The South Yorkshire Coalfield – Pits of the Future.

April 1889

Sheffield Independent – Saturday 06 April 1889

The South Yorkshire Coalfield.

Pits of the Future.

As has already been stated in the Independent, the Denabv Main Colliery Company are about to sink a new shaft at Conisbro’.

At Denaby the coal was reached at a depth of 449 yards, and the thickness of the seam upwards of 10 feet. But the measures dip from a point known as Melton-on-the-Hill, at no great distance from Conisbro’, at a rate of 40 yards to the mile as far as Frodingham. The coal at Conisbro’ will be much deeper than that at Denaby, where the limestone had not to be pierced, and at Doncaster, in all probability, the thick seam will be met with at a depth of from 650 to 670 yards.

As regards the Doncaster coalfield, it may be said that for many years past the question of opening out the valuable deposits of coal that are known to permeate the town and district, and extending more especially a long way to the east into Lincolnshire, has been discussed, and for some time borings have been going on at Bentley for the purpose of proving the measures, and their probable thickness and depth from the surface ; and there is an estate of upwards of 5000 acres, which it is expected will be opened out before long to the coal measure. The Barnsley seam will be first sunk, which, at Doncaster, is likely to be from eight to nine feet in thickness.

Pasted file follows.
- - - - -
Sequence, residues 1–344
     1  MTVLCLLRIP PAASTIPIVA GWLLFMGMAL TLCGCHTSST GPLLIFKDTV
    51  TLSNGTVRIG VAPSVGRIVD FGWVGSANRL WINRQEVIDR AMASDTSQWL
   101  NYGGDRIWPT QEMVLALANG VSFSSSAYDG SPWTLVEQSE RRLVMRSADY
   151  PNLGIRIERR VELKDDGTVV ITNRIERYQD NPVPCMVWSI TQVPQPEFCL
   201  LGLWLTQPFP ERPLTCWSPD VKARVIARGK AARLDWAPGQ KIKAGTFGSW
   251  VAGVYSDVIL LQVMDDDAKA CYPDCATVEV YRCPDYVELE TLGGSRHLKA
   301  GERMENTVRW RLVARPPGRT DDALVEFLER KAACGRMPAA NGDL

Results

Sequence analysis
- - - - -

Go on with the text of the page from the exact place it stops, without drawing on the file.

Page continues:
The Doncaster field, which includes Askern, will add greatly to the producing power of the West Riding, as the area is estimated by Mr. lbeson at 16 miles by 14, with 17 seams of workable coal, the total under the formations in Doncaster and the adjoining districts being 9676 millions tons.

In addition to this, as the coal will no doubt be found at Crowle, Epworth, and Keadby, at which latter place the Trent is to be made navigable to Hull and the sea for vessels of considerable burden. There will be a considerable saving in the cost of transport for fuel exported abroad as well as to our home ports.

The Lincolnshire field of coal will consequently not only be the newest in the kingdom of any importance, but it the same time one of the most prolific in England it least, and having the great advantage of proximity to a shipping port.